Atlanta United coach faces backlash about equal pay comments

Atlanta United coach faces backlash about equal pay comments

Atlanta United head coach Frank de Boer (center) and assistant coaches Orlando Trustfull (left) and Bob de Klerk lead the team in a 2-1 victory over New York City FC. Curtis Compton/

ATLANTA — As Atlanta United prepares to play an historic match tonight at Mercedes-Benz Stadium, the team's manager is facing some backlash this morning.

In an interview with The Guardian, manager Frank de Boer called equal pay for men and women in international soccer "ridiculous."

De Boer said he doesn't believe in equal pay because the audiences and revenue generated are not the same.

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"It's the same like tennis. If there are watching, for the World Cup final, 500 million people or something like that, and 100 million for a women's final, that's a difference. So it's not the same. And of course they have to be paid what they deserve to [earn] and not less, just what they really deserve." he told the Guardian.

"If it's just as popular as the men, they will get it, because the income and the advertising will go into that. But it's not like that, so why do they have to earn the same? I think it's ridiculous. I don't understand that."


De Boer's comments were in response to a question about a decision made by the Netherlands, where the manager is from.

The Netherlands soccer federation pledged to raise women's pay to make it even with men by the next Women's World Cup.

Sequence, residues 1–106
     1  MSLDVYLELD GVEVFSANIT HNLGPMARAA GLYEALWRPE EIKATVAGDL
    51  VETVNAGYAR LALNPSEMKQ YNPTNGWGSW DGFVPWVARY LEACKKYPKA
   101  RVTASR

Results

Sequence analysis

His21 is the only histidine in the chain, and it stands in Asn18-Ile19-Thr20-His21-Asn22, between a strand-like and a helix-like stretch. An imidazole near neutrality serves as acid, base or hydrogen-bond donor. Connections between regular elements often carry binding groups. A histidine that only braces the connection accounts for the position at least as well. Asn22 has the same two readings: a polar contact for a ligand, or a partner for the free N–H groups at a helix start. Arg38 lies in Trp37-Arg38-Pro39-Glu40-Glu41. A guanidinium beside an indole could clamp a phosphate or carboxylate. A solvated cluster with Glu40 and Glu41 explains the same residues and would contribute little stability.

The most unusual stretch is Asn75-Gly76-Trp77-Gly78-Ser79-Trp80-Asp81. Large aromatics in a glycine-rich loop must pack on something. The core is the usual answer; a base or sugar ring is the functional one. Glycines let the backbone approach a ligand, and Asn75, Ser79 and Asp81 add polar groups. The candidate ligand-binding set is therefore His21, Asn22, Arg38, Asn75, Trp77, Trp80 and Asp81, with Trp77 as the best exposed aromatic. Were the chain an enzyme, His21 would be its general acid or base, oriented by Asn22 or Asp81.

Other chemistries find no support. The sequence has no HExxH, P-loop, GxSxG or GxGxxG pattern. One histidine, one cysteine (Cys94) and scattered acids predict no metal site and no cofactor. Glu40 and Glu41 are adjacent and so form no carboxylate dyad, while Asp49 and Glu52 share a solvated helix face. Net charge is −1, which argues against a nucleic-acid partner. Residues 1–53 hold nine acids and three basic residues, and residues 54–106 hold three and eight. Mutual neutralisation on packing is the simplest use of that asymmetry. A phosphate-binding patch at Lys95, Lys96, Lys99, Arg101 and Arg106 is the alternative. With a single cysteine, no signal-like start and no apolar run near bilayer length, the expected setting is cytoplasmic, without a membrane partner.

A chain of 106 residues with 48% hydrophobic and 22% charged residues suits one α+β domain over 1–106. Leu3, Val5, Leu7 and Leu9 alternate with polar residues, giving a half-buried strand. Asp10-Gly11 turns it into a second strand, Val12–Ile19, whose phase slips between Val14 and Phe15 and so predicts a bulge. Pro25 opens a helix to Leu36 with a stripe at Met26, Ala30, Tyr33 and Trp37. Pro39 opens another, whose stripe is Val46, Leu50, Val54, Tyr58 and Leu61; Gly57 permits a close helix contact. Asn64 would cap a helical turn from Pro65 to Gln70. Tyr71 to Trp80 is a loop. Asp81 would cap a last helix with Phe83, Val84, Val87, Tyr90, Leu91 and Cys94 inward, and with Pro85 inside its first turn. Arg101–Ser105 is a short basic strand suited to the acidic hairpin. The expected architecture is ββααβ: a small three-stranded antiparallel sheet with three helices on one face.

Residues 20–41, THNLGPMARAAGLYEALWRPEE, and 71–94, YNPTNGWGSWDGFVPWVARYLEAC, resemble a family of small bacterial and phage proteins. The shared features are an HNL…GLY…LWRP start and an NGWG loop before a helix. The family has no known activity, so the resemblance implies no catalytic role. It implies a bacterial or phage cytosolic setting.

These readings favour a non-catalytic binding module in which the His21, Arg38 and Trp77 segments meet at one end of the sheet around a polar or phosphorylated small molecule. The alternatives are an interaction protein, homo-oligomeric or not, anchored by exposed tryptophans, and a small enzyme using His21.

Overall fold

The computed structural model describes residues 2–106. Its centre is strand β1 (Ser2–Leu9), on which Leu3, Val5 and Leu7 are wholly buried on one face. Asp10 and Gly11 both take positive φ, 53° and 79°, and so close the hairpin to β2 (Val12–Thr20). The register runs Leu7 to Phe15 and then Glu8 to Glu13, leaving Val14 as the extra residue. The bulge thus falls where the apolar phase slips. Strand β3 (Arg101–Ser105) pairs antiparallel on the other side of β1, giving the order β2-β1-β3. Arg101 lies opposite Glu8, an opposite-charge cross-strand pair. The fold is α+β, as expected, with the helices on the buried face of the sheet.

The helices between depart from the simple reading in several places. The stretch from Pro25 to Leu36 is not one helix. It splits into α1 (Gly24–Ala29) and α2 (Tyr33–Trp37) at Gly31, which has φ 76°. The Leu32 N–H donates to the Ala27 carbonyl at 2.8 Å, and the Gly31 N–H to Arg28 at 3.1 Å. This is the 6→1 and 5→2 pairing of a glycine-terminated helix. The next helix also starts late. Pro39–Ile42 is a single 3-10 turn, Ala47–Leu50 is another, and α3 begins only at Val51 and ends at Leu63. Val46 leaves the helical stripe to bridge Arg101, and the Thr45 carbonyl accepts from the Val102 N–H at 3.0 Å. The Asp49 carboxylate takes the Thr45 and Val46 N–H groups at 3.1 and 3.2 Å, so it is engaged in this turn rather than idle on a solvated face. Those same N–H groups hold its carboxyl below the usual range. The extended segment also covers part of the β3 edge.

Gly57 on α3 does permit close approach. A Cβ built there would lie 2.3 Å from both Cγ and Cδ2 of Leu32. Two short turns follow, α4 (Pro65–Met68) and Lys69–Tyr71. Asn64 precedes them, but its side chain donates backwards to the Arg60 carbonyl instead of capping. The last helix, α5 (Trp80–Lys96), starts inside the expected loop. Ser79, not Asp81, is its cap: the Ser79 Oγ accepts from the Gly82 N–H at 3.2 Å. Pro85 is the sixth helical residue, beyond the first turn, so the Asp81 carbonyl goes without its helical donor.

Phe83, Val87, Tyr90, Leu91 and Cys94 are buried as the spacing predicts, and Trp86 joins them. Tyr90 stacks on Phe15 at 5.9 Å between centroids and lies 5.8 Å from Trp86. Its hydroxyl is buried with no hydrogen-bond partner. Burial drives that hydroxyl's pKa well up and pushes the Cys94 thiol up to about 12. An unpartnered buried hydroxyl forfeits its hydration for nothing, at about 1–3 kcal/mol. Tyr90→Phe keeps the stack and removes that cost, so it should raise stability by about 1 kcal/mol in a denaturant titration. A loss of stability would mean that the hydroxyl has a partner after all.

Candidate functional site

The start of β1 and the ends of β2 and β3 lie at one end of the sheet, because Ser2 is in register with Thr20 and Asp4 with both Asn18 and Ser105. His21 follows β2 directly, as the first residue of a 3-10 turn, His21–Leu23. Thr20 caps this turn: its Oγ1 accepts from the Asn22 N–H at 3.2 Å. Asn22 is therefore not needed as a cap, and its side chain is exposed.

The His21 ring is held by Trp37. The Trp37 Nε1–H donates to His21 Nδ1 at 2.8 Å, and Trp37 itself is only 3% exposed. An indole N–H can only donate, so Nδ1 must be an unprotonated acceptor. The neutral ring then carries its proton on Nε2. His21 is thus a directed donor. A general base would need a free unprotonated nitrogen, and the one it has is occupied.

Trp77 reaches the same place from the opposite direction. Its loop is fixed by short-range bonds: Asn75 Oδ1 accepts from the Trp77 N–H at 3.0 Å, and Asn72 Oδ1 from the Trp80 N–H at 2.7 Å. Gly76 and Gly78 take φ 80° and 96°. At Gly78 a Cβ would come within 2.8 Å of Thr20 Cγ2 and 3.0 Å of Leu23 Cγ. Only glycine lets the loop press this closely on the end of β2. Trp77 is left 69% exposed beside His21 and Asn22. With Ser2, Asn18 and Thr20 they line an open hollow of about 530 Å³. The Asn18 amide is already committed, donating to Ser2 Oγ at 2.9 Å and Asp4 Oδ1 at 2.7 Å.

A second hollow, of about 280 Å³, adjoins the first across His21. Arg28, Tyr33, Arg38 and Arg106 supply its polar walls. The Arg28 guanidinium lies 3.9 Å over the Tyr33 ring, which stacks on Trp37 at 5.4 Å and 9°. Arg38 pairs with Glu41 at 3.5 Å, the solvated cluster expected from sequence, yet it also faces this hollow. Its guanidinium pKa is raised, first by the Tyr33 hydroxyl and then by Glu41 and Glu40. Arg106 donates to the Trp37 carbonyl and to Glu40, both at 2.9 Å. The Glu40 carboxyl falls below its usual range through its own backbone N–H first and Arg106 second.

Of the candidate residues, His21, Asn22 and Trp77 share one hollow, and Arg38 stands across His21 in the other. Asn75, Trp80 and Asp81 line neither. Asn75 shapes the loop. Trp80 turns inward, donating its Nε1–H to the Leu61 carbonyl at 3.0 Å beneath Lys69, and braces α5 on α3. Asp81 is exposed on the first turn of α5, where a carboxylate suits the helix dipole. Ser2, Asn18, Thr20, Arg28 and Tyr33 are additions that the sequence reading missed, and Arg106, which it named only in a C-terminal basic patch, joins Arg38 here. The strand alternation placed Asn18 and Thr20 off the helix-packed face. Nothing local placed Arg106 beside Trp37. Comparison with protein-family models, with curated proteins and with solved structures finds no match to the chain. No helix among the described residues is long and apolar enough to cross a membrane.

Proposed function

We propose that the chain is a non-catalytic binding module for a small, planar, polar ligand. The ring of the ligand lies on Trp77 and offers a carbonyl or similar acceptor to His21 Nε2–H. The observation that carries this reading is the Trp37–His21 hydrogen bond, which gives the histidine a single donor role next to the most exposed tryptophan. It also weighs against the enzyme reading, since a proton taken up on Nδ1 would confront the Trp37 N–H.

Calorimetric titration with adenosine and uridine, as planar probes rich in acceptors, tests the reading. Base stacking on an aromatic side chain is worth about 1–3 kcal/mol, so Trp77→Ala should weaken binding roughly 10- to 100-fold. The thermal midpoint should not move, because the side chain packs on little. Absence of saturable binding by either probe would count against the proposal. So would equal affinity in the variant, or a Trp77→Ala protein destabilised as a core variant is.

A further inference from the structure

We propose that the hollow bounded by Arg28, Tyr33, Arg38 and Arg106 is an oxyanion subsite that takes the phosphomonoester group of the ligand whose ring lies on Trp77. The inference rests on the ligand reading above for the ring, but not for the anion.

The debate over equal pay picked up again after the United States defeated the Netherlands in the Women's World Cup in June.

The U.S. victory sparked a movement that has gone beyond the field, leading to a lawsuit and even legislation introduced to Congress requiring equal pay for the national teams.

Atlanta United President Darren Eales spoke to 92.9 the Game Tuesday about de Boer's equal pay comments.

Eales said it's de Boer's individual opinion and does not reflect the position of Atlanta United club and its leadership.

The team president also told the station that de Boer made a poor choice of words using "ridiculous" and that he will have to explain his comments.

In his statement Wednesday, issued through the team, de Boer said:

"I'd like to clarify my comments in yesterday's Guardian story. When taken in its full context, my position is that I wholly respect and support the women's game and am encouraged and excited by its growth both internationally and here in the U.S. I do believe when it comes to the economics of the game, as popularity keeps increasing it will lead to increased revenue and higher salaries in the women's game, which is fantastic and what we all want to see. I am proud to be a part of a club that embraces equality, and I apologize for any distraction this has become for our team and organization."